WASHINGTON -- It’s the end of free pizza as we know it, and consumer advocates feel fine.
The U.S. House passed a bill Wednesday that will place limits on credit card companies' marketing to students, preventing them from handing out free food and T-shirts on college campuses, and requiring many students to have a co-signer before they receive a card.
The Credit Card Act of 2009, which passed the Senate Tuesday and is now headed to President Obama, who is expected to sign it, was heralded by those who say students have been exploited by credit card companies. But some fear that students, in having their access to credit cards limited, will be denied a chance to build up credit in college and barred from accessing a viable -- albeit vexed -- tool for financing their educations.
Under the legislation, credit card companies would be prohibited from issuing cards to people under the age of 21, unless they either have a co-signer or can demonstrate an ability to repay the debts on their own. Karen Gross, president of Southern Vermont College, called the legislation “a remarkable first step -- not a last step.” Gross, a law professor at New York Law School and founder of the Coalition for Consumer Bankruptcy Debtor Education, says she’s worried that other, increasingly predatory options -- think payday loans -- will become the only viable alternatives for students of modest means who can’t access credit cards under the new law.
“It’s a good idea not to take advantage of students. It’s a good idea not to offer credit cards on campuses where students end up getting them without knowing all the provisions that are there,” said Gross, whose research concerns consumer financial markets and asset building in low income communities. “But if we’re going to restrict student access to credit, you cut off an avenue for students to pay for their education. What replaces it?”
The bill had a strong base of support among consumer and student advocacy organizations. Edmund Mierzwinski, consumer advocate at the U.S. Public Interest Research Group (PIRG), said after the bill’s House passage Wednesday that he expects the limits on aggressive marketing tactics will ultimately reduce students’ debt. As for limiting student access to credit, Mierzwinski said students who can afford to pay off credit cards won’t be affected at all.
“Nobody’s intent was to prevent students from getting cards,” he said. “I think the banks are using [that argument] as their whipping boy.”
PIRG’s own research suggests credit card debt has become a problem for college students, and it gets worse as they progress. College seniors who were responsible for paying their own credit card bills reported debts of $2,623 in 2007, compared with $1,301 for freshmen, according to PIRG’s “Campus Credit Card Trap Report.”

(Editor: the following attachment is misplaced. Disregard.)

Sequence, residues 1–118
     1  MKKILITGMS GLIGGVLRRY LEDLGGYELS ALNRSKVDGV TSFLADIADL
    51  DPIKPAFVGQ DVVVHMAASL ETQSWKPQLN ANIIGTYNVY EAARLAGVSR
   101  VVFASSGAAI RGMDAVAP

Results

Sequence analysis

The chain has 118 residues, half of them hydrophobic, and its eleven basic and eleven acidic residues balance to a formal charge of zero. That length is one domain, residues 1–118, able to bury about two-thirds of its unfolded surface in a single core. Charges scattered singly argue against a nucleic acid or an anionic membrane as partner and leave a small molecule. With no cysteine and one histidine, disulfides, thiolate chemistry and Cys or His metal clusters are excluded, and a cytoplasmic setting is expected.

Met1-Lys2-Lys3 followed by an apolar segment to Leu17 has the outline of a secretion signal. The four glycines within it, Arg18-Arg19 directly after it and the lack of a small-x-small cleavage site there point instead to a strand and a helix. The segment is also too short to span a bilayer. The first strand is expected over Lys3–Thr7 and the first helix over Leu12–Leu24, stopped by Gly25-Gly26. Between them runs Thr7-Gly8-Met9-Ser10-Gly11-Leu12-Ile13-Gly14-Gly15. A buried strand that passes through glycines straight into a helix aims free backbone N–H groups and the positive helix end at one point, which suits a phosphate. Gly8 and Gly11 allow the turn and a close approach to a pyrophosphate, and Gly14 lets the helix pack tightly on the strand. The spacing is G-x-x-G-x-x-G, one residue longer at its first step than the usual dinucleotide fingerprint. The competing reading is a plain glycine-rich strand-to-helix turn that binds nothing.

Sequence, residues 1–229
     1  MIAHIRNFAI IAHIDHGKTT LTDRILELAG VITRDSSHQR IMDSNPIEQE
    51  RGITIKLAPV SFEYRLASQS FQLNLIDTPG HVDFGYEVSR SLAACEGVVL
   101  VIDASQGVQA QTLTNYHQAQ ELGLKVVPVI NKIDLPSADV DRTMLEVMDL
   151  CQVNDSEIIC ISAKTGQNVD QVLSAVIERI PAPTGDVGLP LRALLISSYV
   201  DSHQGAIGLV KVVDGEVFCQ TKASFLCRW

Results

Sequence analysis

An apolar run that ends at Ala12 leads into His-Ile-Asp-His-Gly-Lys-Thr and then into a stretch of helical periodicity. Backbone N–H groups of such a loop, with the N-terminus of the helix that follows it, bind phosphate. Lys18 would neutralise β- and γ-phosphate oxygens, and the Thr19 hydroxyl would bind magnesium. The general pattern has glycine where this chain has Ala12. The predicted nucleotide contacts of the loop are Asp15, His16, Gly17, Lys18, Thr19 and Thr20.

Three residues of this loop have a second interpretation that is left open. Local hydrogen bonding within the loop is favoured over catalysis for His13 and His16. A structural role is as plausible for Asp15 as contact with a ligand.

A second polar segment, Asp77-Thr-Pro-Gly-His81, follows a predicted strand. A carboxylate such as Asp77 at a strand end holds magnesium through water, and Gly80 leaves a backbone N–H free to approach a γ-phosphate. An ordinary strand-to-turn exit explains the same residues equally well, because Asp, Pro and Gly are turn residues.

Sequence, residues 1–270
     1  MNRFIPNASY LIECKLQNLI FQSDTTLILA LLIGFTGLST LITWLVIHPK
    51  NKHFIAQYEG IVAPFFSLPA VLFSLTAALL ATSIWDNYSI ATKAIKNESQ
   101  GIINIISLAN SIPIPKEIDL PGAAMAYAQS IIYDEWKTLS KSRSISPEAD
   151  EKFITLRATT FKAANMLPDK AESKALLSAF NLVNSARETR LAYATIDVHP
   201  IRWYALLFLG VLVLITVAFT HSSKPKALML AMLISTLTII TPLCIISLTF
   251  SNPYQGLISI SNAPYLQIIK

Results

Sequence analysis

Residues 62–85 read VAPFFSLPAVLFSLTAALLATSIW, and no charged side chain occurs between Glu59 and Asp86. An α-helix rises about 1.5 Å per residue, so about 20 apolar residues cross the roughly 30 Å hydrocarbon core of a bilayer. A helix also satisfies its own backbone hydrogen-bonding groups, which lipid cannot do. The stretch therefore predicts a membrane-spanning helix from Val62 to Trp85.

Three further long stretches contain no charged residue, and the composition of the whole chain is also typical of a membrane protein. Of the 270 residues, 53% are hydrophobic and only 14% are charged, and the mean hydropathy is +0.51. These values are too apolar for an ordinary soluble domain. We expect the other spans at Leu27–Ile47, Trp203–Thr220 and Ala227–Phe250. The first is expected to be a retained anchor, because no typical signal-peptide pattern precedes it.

Industry Lobbied Against Bill
Not surprisingly, credit card reform drew ready opposition from the banking industry. Lobbyists for the industry criticized aspects of the legislation that would limit circumstances when they could penalize customers or change rates, saying those restrictions would result in higher fees for all customers. Peter Garuccio, a spokesman for the American Bankers Association, said the restrictions placed on student access to credit cards were misguided as well.
“We recognize that credit cards for young people are often the first foray into the broader world of financial services,” he said, “and issuers want it to be a positive one and realize that it can be the first step or the first building block toward establishing a credit history, so down the road the [students have the] ability to purchase a car or a home.… These are important things.”
Talk of credit card reform has been building since Democrats took control of Congress, but credit card companies didn’t go down without a fight. The five major credit card companies sought to expand their influence in Washington in the first quarter of 2009, increasing their lobbying expenses by 40 percent over the first quarter of 2008, USA Today reported.
Colleges' Ties to Industry Scrutinized
Colleges and universities have taken their own share of criticism for getting overly cozy with credit card companies, offering the industry entrée to students and alumni in exchange for sometimes lucrative deals. Michigan State University, for instance, had an $8.4 million contract with Bank of America, granting it access to students’ names and addresses and allowing use of the university’s logo, The New York Times reported last December.
The federal legislation passed this week won’t end colleges’ relationships with credit card companies, but it will make the agreements more transparent. Creditors will be required, for instance, to issue annual reports regarding their business relationships with colleges, alumni organizations or affiliated foundations.
“In the limited experience we’ve had, definitely shining lights on these agreements tends toward improving the situation,” said Pedro de la Torre, advocacy senior associate for Campus Progress.” “Hopefully just knowing that people are watching and having their eye on this will at least make the contracts more student-friendly.”
It’s unfortunate, however, that the contracts exist at all, de la Torre said.
“It’s disappointing that a college would allow some of these marketing contracts to take place, especially ones that allow selling of student contact information,” he said. “When students see a card with the university’s logo on it, even included in the freshman orientation materials, they assume this is a good deal, this is OK.… But, like we see with the student loan scandals, sometimes that trust is misplaced.”